The client class in turn generally depends on other classes to actually implement calls to the target. Depending on your target, some of these classes may be generated or provided for you. For example, if you have a Java client library, or are working with a SOAP or REST service, most of the client code is implemented there. In other cases, you have to write this code yourself.


Anypoint Connector DevKit lets you build connectors that don’t exist. Before creating a connector, check [Connectors] for available connectors. The Connectors page also lists Community open source connectors that let you contribute to the growing community of public connector development.

Connector Data Model

The data model for the connector consists of the objects passed into and out of the exposed operations. While many Web services accept and return XML or JSON data, a proper Mule connector must translate the data format the client uses into Java objects - either POJOs or key-value maps, which represent the data objects sent to, and returned from, the target. (Returning raw XML or JSON responses to Mule is one marker for an immature, improperly implemented connector.)


REST simplifies access to HTTP using POST, GET, PUT, and DELETE calls to provide access to creating, getting, putting, and deleting information on a resource.

DevKit provides a set of annotations called @RestCall annotations that helps building a Connector for a RESTful API.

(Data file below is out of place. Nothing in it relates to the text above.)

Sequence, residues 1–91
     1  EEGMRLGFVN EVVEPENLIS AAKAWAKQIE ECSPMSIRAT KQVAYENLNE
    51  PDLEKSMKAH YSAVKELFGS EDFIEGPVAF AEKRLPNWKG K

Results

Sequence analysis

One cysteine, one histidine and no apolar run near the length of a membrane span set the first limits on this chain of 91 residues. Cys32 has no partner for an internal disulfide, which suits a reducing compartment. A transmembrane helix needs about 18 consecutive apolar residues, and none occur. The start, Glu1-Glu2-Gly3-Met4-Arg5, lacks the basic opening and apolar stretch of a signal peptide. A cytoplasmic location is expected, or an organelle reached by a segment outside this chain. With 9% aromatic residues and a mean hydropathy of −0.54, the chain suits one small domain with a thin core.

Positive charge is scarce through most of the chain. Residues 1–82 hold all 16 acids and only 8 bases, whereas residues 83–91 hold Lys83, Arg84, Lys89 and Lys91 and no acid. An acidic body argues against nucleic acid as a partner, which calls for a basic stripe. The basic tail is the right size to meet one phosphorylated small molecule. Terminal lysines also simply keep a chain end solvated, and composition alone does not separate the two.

SOAP is a traditional means of communicating with a resource and requires a WSDL file, which is an XML file that specifies all aspects of a Java class’s structure, methods, properties, and documentation. SOAP is an industry standard with tools for governance, building, and schema information.

DevKit provides a tool that helps building a connector using a WSDL file.

Creating a Connector

To create a connector:

  1. Set up your development environment - Install Java JDK version 6, Apache Maven, and Anypoint Studio to build and test your connector. You can develop a connector using Windows, Mac, or Linux.

  2. Create an Anypoint project - Set up Anypoint Studio and install the connector plugin.

  3. Determine resource access - Each resource has a different access method, such as REST, SOAP, FTP, or the Java SDK features.

  4. Choose an authentication mechanism - Mule supports OAuth V1 or V2, basic authentication using a username and password, or basic using authentication protocols such as API Key, SAML, NTLM, Kerberos, or LDAP.

  5. Choose the connector’s data model - Models can be static Java objects or dynamic objects. You can use DataSense - Determine what information the target resource expects.

  6. Add connector @ attribute annotations - Create code for your connector containing the @ attribute that Mule uses to designate the important parts of your connector.

  7. Code tests - Tests can be unit tests, functional tests, and Studio interoperability tests.

  8. Document your connector -MuleSoft provides a template that helps you fill in the blanks to create documentation to help your staff and help others understand the features and use of your connector.

  9. Package your connector

Anypoint Connector DevKit Features

More Information

Document Description

Connector Development

Provides step to follow from set up to packaging a connector.

Anypoint Connector

How to use and implement connectors - this section is in the Mule Runtime docs.


Connectors available from MuleSoft or third party sources.

DataSense-Enabled Connectors

View which MuleSoft connectors support DataSense.

Annotations Reference

Describes DevKit elements that start with an at sign (@), which you can use in your connector to identify classes and functions for Anypoint functionality.